Never doubt that one person can make a difference. One person did by alerting PETA to disturbing video footage online of animals being tortured and killed for sexual gratification. This week, Houston, Tex., residents Brent Justice and Ashley Nicole Richards were indicted by a federal grand jury for creating and distributing what are known as "crush" videos. This is the first time in U.S. history that a crush case has resulted in federal charges. And it's all thanks to a tip that PETA received from one concerned individual.
Crush videos depict women torturing animals to death to satisfy the sexual fetishes of those who watch them. PETA's Emergency Response Team worked around the clock to find the perpetrators who had crushed kittens and rats with their stiletto heels and used knives, pliers and screwdrivers to torture puppies and other animals who were tied down and could not escape. With skillful sleuthing and the invaluable assistance of the Animal Beta Project, PETA determined that the alleged producers of the videos lived in Houston and rushed the evidence to local authorities.
After we sent our tip, it took only 48 hours for Justice and Richards to be arrested -- the pair has remained in jail since August -- and their despicable crush video cell was shut down. This case should serve as a warning to anyone who would abuse and torture animals: Sooner or later, you will get caught.
The videos show utter depravity and absolutely no ability to empathize with the victims. In one, Richards binds and gags a kitten with masking tape and then stomps and crushes the animal, putting her high-heeled shoe through the kitten's eye. Another video shows Richards killing a pit bull puppy by using a meat cleaver to hack off his leg and tail and a knife to slash his neck. When the pair was arrested, the Houston Chronicle reported that a judge "halted the reading of the court documents during a hearing ... because the details were too graphic."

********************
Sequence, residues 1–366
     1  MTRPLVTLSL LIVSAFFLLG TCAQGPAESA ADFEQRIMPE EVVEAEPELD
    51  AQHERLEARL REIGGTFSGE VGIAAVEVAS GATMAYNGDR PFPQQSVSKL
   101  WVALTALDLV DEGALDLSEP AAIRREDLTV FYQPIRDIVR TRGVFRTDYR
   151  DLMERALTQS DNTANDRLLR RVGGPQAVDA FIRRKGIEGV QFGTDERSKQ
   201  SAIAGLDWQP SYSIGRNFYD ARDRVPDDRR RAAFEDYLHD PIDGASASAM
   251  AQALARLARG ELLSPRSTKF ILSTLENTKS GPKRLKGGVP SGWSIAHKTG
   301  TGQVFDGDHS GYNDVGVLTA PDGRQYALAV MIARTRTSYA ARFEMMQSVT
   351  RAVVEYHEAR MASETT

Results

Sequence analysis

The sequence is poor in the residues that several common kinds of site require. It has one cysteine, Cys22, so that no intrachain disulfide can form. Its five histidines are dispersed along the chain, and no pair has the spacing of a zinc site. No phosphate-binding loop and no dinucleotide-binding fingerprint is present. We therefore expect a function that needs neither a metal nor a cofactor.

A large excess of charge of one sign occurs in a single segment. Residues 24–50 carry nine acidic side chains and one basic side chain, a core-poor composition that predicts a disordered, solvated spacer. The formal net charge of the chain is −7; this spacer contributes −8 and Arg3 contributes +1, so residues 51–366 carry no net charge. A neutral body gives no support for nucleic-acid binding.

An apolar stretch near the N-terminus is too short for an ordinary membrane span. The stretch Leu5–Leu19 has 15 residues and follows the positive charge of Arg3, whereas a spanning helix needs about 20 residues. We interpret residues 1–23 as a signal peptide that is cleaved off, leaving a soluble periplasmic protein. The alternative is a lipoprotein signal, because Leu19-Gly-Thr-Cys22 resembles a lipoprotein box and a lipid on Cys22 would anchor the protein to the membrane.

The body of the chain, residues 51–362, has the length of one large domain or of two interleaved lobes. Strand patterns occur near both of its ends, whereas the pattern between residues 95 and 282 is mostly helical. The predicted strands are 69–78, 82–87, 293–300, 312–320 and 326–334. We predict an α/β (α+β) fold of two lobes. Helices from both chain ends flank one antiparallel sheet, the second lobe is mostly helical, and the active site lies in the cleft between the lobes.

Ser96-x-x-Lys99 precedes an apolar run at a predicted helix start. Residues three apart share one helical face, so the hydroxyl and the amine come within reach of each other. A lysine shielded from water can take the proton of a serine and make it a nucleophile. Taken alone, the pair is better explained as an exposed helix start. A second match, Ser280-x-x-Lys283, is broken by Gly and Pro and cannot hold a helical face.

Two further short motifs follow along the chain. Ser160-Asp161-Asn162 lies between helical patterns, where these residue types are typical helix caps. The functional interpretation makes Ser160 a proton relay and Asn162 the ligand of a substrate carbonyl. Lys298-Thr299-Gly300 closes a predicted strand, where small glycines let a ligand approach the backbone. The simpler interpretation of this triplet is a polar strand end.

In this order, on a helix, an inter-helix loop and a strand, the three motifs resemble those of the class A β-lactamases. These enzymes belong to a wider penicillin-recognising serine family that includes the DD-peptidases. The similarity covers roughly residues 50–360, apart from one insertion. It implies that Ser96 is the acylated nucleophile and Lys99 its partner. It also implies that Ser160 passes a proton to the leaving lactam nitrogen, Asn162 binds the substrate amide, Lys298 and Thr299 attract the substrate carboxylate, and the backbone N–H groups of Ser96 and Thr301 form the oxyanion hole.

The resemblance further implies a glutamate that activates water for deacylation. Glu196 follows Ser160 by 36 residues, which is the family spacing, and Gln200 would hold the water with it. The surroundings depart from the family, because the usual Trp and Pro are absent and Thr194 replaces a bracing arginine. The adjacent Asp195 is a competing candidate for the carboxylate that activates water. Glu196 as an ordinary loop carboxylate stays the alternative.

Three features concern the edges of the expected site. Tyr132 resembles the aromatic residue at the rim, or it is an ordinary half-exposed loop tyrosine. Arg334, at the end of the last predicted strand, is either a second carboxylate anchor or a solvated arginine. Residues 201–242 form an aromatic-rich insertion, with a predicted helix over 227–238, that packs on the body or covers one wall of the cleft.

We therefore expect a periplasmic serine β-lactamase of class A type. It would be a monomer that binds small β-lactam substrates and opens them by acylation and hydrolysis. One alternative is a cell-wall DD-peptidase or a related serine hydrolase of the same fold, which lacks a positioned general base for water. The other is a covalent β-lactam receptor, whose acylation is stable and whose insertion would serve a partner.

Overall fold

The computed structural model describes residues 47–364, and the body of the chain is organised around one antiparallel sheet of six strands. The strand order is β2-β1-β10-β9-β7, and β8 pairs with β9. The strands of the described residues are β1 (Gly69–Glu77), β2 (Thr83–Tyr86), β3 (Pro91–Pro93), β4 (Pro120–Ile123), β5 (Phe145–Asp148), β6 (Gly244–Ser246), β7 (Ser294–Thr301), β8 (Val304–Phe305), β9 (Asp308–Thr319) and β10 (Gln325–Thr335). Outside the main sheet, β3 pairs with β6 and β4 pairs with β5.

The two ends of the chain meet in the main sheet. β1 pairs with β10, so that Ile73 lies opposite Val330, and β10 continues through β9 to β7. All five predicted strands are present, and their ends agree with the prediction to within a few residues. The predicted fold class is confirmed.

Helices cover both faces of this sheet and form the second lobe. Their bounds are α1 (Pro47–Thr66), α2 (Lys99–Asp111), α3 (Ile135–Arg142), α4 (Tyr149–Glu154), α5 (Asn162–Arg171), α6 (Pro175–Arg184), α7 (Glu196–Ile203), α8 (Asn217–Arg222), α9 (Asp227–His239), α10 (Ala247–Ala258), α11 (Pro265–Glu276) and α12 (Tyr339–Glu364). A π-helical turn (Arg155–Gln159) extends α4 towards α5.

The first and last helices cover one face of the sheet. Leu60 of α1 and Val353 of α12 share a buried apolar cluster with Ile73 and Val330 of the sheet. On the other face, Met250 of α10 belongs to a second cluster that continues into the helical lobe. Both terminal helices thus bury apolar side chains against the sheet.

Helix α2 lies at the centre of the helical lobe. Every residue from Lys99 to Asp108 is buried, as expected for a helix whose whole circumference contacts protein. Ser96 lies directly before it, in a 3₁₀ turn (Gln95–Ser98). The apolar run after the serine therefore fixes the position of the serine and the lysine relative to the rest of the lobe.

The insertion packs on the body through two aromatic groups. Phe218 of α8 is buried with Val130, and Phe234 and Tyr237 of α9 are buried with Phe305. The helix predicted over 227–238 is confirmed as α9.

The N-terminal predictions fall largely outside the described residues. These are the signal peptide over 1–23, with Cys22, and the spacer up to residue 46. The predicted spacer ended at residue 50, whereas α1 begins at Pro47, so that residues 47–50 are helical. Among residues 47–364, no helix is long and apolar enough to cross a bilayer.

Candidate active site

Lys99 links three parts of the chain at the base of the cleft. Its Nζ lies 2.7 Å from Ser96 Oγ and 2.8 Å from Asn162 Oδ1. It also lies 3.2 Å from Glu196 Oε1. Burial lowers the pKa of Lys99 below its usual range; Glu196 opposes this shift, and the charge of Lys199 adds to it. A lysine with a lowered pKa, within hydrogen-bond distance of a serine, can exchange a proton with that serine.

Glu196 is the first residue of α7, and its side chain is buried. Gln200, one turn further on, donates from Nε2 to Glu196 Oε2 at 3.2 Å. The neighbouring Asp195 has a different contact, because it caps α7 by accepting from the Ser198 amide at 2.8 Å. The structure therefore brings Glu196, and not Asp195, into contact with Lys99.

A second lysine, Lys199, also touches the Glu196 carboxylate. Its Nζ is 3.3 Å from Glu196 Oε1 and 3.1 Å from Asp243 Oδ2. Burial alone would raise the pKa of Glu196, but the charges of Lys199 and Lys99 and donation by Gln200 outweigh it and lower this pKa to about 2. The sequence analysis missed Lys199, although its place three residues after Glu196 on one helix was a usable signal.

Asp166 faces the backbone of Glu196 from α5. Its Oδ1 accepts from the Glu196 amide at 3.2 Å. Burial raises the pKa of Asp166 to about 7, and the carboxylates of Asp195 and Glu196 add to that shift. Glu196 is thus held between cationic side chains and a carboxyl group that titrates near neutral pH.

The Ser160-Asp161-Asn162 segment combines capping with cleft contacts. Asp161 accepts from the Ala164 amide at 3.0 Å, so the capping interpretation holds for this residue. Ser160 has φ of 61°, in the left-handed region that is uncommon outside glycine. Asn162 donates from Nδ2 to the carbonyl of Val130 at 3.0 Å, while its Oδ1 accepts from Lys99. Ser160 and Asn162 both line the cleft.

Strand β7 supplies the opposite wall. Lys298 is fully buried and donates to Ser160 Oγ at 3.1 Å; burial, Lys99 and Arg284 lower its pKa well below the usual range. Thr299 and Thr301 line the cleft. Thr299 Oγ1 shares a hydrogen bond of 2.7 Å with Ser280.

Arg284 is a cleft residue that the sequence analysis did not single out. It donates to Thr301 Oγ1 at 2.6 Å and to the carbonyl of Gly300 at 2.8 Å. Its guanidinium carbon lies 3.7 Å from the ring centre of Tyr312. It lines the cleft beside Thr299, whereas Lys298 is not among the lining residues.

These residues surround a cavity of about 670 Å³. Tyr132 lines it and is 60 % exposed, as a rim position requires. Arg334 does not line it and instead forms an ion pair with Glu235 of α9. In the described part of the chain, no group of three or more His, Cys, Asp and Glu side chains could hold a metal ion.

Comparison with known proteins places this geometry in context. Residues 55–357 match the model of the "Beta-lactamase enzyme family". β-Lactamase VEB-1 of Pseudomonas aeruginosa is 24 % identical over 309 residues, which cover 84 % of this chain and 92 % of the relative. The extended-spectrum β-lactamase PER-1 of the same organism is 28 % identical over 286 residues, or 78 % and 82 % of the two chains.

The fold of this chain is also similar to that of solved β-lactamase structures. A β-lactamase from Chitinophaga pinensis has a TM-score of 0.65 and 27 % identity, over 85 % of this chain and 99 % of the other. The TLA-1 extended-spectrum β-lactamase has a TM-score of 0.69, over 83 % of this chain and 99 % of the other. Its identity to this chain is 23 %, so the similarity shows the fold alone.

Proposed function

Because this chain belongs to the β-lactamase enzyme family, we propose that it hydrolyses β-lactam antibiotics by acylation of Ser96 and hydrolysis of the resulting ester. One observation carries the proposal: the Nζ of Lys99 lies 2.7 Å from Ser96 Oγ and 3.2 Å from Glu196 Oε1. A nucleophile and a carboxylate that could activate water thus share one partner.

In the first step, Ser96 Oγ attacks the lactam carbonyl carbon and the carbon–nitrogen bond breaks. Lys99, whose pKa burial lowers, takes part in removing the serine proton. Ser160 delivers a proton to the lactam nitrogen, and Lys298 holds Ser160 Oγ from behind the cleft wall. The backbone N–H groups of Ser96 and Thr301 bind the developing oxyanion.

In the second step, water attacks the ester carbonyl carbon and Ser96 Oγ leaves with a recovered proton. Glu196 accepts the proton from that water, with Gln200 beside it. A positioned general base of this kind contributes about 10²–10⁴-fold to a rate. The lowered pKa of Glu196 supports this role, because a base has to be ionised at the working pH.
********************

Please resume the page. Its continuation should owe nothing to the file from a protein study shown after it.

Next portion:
Making and distributing crush videos is rightly a violation of federal law. But all forms of animal abuse, federal offenses or not, need to be taken very seriously, for everyone's sake.
Mental health and law enforcement experts know that the bullies and cowards who abuse animals often cross species lines. The American Psychiatric Association identifies cruelty to animals as one of the diagnostic criteria for conduct disorders, and the FBI uses reports of animal abuse in analyzing the threat potential of suspected and known criminals. The link between cruelty to animals and interpersonal violence is undeniable. When PETA's Asia-Pacific affiliate (PETA Asia) investigated an international crush video ring in the Philippines, the group, working with local law enforcement, traced the videos' likely origin to a woman suspected of running a prostitution ring that used girls as young as 12. Scantily clad young girls were forced to torture and kill animals, including by ramming a stiletto heel into a monkey's eye and cutting off rabbits' ears with scissors. PETA ended up helping not only the animals but also the young girls, who were being victimized as well.
If you know or suspect that someone is harming animals, alert authorities immediately. The Houston crush video case is a testament to the vital importance of speaking up. Ashley Nicole Richards reportedly admitted to killing countless animals -- up to two per day -- for years. She would likely still be at it if that one person had not initially brought the abuse to PETA's attention.
Please, never be silent if you suspect that an animal is in danger. One phone call or email can truly mean the difference between life and death.
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